Recurrent Thyroid Cancer in Neck Lymph nodes 101: Ethanol Ablation PEI a safe alternative to Surgery.
DR.Guttler’s Comments on PEI that he has been using for over 15 years for treating recurrent lateral neck lymph node disease after neck dissection.
- A surgeon at UCLA has recommended PEI as an alternative to more surgery in this study.
- Recurrence in a previously dissected field is more challenging to treat owing to scarring and the increased risk of reoperation.
- Percutaneous techniques of ethanol PEI or radiofrequency ablation RFA have been safe alternatives.
- However the medical community is slow to embrace these inexpensive safe alternatives for thyroid cancer patients.
- Potential recurrences were confirmed with fine-needle aspiration biopsy or thyroglobulin washings. Outcomes were compared between patients who underwent reoperation and those who had PEI.
- 370 initial operations for PTC that included a therapeutic lateral lymph node dissection,
- 67/370 (18 %) had recurrence after neck dissections.
- 25 had another neck dissection, and 32 had PEI.
- PEI of lymph nodes with 200 proof ethanol injected directly into the node under US guidance.
- Also RFA seen below in this study from Korea is also a safe alternative to more surgery.
- The overall recurrence rate was the same after surgery and PEI (28%).
- PEI may be equivalent to reoperation for lateral neck recurrence of PTC.
- PEI is more effective for smaller lymph nodes.
- Get an opinion on this safe easy procedure to replace the intended recommended second neck surgery.
- Call me at 310-393-8860 or email to firstname.lastname@example.org.
Papillary Thyroid Cancer Recurrence in the Lateral Neck Can Be Treated with Surgery or Ethanol Ablation
Approximately 20% of patients with papillary thyroid cancer (PTC) present with lateral lymph node metastases (1). Compartment-oriented lymph node dissection should be performed at the initial operation to reduce the risk of recurrence (2). Recurrence in a previously dissected field is more challenging to treat owing to scarring and the increased risk of reoperation. Management strategies for lateral neck recurrence include observation, reoperation, and percutaneous techniques of ethanol or radiofrequency ablation. The current study compared outcomes between reoperation and ethanol ablation for lateral neck recurrence following an initial lateral neck dissection (3).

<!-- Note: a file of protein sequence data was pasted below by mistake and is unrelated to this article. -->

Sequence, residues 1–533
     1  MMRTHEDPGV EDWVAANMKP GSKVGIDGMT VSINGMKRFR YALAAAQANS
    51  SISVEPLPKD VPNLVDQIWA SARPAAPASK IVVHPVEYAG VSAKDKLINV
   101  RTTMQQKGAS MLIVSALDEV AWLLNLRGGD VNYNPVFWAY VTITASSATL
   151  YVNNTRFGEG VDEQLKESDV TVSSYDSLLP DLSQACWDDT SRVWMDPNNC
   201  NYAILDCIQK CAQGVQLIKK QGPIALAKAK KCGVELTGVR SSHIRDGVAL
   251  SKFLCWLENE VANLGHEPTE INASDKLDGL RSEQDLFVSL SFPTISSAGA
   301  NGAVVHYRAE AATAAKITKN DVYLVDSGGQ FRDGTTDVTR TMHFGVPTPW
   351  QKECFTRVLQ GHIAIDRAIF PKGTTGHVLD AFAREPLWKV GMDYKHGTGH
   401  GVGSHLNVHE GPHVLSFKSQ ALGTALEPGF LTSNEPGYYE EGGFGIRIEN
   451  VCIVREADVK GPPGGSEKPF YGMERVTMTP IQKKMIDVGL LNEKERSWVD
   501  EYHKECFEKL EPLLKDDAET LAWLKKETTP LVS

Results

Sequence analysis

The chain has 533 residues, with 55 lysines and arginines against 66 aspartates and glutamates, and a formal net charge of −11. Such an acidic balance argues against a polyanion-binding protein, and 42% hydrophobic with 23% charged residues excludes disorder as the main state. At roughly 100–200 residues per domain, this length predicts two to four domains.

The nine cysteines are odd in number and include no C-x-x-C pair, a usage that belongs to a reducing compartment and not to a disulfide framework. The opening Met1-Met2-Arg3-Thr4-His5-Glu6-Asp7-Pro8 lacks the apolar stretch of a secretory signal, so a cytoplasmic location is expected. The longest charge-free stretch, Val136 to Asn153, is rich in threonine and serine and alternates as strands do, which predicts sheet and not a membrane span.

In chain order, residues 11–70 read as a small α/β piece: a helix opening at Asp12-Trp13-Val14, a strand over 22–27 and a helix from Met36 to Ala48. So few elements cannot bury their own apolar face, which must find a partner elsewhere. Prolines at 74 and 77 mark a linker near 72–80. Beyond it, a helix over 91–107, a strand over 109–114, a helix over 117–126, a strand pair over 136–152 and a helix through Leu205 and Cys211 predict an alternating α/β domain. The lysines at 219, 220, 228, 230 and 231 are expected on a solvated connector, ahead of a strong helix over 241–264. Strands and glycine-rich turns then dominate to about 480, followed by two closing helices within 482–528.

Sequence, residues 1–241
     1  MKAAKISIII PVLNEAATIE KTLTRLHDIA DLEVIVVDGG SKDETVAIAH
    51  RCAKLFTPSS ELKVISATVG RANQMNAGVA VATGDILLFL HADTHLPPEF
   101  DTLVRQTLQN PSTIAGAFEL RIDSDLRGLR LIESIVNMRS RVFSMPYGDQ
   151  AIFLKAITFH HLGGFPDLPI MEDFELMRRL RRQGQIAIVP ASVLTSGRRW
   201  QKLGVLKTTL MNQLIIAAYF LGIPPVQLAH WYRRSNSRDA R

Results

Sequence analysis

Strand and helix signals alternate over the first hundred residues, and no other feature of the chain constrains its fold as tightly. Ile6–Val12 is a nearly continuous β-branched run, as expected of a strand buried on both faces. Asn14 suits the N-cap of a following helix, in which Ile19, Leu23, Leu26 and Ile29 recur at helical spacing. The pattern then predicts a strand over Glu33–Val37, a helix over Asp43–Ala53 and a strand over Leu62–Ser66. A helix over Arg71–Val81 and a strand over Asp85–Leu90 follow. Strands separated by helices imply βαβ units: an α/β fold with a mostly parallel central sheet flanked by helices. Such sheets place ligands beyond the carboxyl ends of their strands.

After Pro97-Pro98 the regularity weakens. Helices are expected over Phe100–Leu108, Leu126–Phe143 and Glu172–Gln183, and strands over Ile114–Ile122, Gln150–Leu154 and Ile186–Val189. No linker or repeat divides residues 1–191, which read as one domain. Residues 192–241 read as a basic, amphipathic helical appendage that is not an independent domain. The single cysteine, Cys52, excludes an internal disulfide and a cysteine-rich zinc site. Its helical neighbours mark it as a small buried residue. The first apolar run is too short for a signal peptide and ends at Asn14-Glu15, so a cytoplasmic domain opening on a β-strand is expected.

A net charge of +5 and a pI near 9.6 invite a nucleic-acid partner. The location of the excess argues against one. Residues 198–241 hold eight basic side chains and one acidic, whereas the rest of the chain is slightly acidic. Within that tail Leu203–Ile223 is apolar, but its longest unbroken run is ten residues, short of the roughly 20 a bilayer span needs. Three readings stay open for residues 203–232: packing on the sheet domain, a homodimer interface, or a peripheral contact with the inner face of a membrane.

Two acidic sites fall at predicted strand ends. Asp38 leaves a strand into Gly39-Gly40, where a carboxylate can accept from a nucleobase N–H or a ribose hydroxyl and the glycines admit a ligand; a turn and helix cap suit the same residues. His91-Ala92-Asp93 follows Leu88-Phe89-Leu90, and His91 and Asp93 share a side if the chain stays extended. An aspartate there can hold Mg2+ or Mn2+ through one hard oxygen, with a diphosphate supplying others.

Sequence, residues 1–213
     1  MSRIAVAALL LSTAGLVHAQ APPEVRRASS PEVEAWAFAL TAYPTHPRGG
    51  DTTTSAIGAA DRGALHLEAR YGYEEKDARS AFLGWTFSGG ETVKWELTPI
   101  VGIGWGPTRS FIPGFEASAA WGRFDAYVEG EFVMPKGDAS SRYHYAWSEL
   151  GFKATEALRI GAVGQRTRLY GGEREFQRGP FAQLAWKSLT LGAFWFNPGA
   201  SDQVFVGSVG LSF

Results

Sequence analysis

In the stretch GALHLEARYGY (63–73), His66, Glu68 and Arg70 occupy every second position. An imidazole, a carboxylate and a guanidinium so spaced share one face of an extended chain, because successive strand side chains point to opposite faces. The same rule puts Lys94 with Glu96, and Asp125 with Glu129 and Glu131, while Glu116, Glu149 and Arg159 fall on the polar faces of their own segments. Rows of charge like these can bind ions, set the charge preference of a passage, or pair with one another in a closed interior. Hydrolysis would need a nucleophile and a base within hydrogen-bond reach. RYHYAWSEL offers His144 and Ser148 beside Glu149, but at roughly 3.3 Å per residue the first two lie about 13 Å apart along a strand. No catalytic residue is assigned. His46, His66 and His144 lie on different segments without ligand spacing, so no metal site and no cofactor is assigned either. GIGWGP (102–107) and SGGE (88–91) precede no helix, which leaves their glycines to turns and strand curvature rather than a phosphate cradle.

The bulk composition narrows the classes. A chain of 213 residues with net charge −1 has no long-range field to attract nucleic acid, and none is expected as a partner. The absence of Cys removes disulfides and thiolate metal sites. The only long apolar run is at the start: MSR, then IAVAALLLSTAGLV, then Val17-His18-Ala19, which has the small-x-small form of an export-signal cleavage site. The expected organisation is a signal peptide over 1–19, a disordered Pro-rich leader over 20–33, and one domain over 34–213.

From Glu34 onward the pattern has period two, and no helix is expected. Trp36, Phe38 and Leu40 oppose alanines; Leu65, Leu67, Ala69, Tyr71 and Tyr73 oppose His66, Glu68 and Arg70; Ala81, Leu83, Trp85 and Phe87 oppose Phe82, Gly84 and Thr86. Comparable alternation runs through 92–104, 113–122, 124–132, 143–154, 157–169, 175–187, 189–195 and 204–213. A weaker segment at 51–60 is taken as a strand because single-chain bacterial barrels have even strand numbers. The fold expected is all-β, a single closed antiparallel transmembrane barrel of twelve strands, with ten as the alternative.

This retrospective single-institution study included patients who underwent lateral neck dissection for PTC between 2000 and 2015 at the Mayo Clinic in Rochester, Minnesota. Lateral neck dissection was performed selectively for patients with clinically evident lymph node metastases in the lateral neck. Patients were included if they underwent follow-up with a neck ultrasound. Potential recurrences were confirmed with fine-needle aspiration biopsy or thyroglobulin washings. Outcomes were compared between patients who underwent reoperation and those who had percutaneous ethanol ablation.
The primary end point was disease control in the lateral neck. Following reoperation, disease control was defined by the absence of suspicious lymph nodes on ultrasound. Following ethanol ablation, disease control was defined by the disappearance, volume reduction, or conversion to normal appearance of the treated lymph node. Recurrence after either treatment method was defined by the appearance of suspicious lymph nodes on follow-up ultrasound.
Of 370 initial operations for PTC that included a therapeutic lateral lymph node dissection, 64 patients were treated for 67 (18.1%) lateral neck recurrences. Follow-up data were available for 57 lateral neck recurrences at a median of 57 months. The average patient age was 52 years and 63% of patients were female. Lateral neck recurrence was treated by reoperation in 25 cases and by ethanol ablation in 32.
There was no difference in initial tumor characteristics between patients who underwent surgery versus those who underwent ethanol ablation for lateral neck recurrence. However, patients who underwent ethanol ablation were older (58 vs. 45 years) and had less disease burden (mean largest lymph node diameter, 13 mm vs. 18 mm; mean number of metastatic lymph nodes, 1.3 vs. 1.9; mean preprocedure thyroglobulin, 4 ng/ml vs. 26 ng/ml) at the time of recurrence as compared with patients who underwent reoperation. The ethanol ablation group was also less likely to receive radioactive iodine ablation following initial surgery than the reoperation group (72% vs. 96%).
Outcomes were similar between the two treatment groups. Of 43 lymph nodes treated with ethanol ablation, 20 were not visible on follow-up ultrasound (mean initial diameter, 9.6 mm), 16 had persistently decreased volume (mean initial diameter, 12.3 mm), and 7 grew (mean initial diameter, 14.9 mm). The overall recurrence rate after these therapies was 28%. Of 25 redo lateral neck dissections (including focused excision in 10 cases and redo neck dissection in 15), 28% of patients had a recurrence. Postoperative complications developed in two patients (one had Horner’s syndrome and one a wound infection). There was no difference in the recurrence-free interval or thyroglobulin reduction between the ethanol ablation and reoperation groups. Four patients underwent reoperation following ethanol ablation with no reported complications.
Ethanol ablation may be equivalent to reoperation for lateral neck recurrence of PTC. Ethanol ablation is more effective for smaller lymph nodes.
Ultrasound Image below of a recurrent thyroid cancer lymph node that was successfully ablated by PEI.